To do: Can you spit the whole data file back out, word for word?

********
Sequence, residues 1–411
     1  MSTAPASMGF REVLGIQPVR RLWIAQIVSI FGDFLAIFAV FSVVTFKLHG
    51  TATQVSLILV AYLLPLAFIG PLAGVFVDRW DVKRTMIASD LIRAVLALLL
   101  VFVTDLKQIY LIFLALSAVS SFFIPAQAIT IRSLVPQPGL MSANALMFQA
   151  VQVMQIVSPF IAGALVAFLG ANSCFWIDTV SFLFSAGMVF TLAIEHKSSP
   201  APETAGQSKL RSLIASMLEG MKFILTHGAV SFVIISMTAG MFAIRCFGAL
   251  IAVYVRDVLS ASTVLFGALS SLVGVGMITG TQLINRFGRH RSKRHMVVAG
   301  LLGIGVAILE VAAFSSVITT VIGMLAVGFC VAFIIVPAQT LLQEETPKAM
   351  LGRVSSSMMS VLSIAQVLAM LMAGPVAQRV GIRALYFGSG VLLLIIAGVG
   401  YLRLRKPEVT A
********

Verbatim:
Sequence, residues 1–411
     1  MSTAPASMGF REVLGIQPVR RLWIAQIVSI FGDFLAIFAV FSVVTFKLHG
    51  TATQVSLILV AYLLPLAFIG PLAGVFVDRW DVKRTMIASD LIRAVLALLL
   101  VFVTDLKQIY LIFLALSAVS SFFIPAQAIT IRSLVPQPGL MSANALMFQA
   151  VQVMQIVSPF IAGALVAFLG ANSCFWIDTV SFLFSAGMVF TLAIEHKSSP
   201  APETAGQSKL RSLIASMLEG MKFILTHGAV SFVIISMTAG MFAIRCFGAL
   251  IAVYVRDVLS ASTVLFGALS SLVGVGMITG TQLINRFGRH RSKRHMVVAG
   301  LLGIGVAILE VAAFSSVITT VIGMLAVGFC VAFIIVPAQT LLQEETPKAM
   351  LGRVSSSMMS VLSIAQVLAM LMAGPVAQRV GIRALYFGSG VLLLIIAGVG
   401  YLRLRKPEVT A